Archive for December, 2013

This month, the International Virginia Woolf Society shared a series of “interesting facts about Virginia Woolf on its Facebook page.

Vanessa Bell

The most recent, * Interesting fact no. 12, * told the story of how Woolf, 28, and her sister, Vanessa Bell, 30, “once appeared in public almost nude,” according to the judgment of some who saw them at a ball held in conjunction with Roger Fry’s 1910 exhibition of Post-Impressionist painters at the Grafton Galleries.

Inspired by the paintings, the two sisters browned their arms and legs, adorned themselves with flowers and beads, and appeared as bare-shouldered, bare-legged, ‘indecent’, figures from a Gauguin canvas.

It’s said that the two women recreated their Gauguin girl look for a later photo, which has not been located.

Visit the IVWS Facebook page for more interesting facts about Virginia, including the fact that Woolf’s Dreadnought Hoax escapade heads the list of “The Twelve Best Facts from a Year of Interesting Literature.”.

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The International Virginia Woolf Society is launching a Virginia Woolf Essay Prize for undergraduates in honor of Angelica Garnett.



The winning essay (2,500 words maximum, including all notes and Works Cited) would be published in the Virginia Woolf Miscellany and would earn a prize of $200.  Time frame and details of the prize to be announced.

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Virginia Woolf will be well-represented at the MLA Annual Convention, Jan. 9-12, 2014, in Chicago. Thanks to Leslie Hankins, president of the International Virginia Woolf Society, for sending along the MLA Program 2014program details.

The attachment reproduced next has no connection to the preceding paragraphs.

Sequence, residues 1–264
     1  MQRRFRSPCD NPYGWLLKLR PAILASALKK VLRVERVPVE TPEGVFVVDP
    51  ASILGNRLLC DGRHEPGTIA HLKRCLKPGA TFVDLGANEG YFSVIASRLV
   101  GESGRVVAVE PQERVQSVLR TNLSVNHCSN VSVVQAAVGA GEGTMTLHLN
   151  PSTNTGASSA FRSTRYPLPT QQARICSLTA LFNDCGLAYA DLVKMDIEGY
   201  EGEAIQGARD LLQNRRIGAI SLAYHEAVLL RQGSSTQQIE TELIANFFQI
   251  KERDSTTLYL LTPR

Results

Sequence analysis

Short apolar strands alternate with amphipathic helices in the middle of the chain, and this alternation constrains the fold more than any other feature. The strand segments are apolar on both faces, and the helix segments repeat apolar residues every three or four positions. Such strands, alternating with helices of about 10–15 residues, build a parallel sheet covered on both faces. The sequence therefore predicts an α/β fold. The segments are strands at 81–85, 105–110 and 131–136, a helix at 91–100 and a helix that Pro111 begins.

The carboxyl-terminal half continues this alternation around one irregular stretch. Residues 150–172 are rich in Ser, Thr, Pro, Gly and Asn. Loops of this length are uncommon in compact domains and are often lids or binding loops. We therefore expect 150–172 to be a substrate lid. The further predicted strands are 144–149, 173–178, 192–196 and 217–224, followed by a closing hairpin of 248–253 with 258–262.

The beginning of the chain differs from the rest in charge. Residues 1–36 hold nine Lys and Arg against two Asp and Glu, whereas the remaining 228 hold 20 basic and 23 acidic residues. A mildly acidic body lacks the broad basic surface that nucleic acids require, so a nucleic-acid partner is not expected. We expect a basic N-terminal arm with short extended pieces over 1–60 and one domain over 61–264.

I also want to draw your attention to panel 47: The Decade Modernism Forgot: The 1930s, moderated by Woolf scholar Erica Delsandro of Bucknell University. It is scheduled for Thursday, Jan. 9, from 1:45 – 3 p.m. in Chicago G, of the Chicago Marriott and features these panelists:

  1. “Hiding Inside the Whale,” Calum Chechie, Univ. of Oxford, Saint Catherine’s Coll.
  2. “Joyce’s Nightmare of History in George Orwell’s The Cloergyman’s Daughter,” Ruth S. Hoberman, Eastern Illinois Univ.
  3. “The Orphan decade: Elizabeth Bowen’s 1930s Novels,” Anna Teekell, Lincoln Memorial Univ.

Now for the Woolf panels:

Thursday, Jan. 9

 Time: 7–8:15 p.m.

183. Woolf, Wittgenstein, and Ordinary Language
BELMONT Chicago Marriott

Program arranged by the International Virginia Woolf Society

Presiding: Madelyn Detloff, Miami Univ., Oxford; Gaile Pohlhaus, Miami
Univ., Oxford
1. “Woolf, Wittgenstein, and Nonsense: The Voyage Out as Therapy,”
Megan M. Quigley, Villanova Univ.
2. “‘Stand Roughly Here’: Woolf, Keynes, and Ordinary Language in the
1930s,” Alice Keane, Univ. of Michigan, Ann Arbor
3. “Dumb Colloquy: The Aesthetics of Conversation and Conversational
Aesthetics of To the Lighthouse,” Erin Greer, Univ. of California,
For abstracts, contact detlofmm@miamioh.edu.

Time: 8:45-10 p.m.

All IVWS members are invited to attend the SHARP cash bar on Thursday, Jan. 9, from 8:45-10pm in the Chicago IX room at the Sheraton. [SHARP = Society for the History of Authorship, Reading, and Publishing; the IVWS has a joint panel with them Friday.

Friday, Jan. 10

Time: 5:15–6:30 p.m.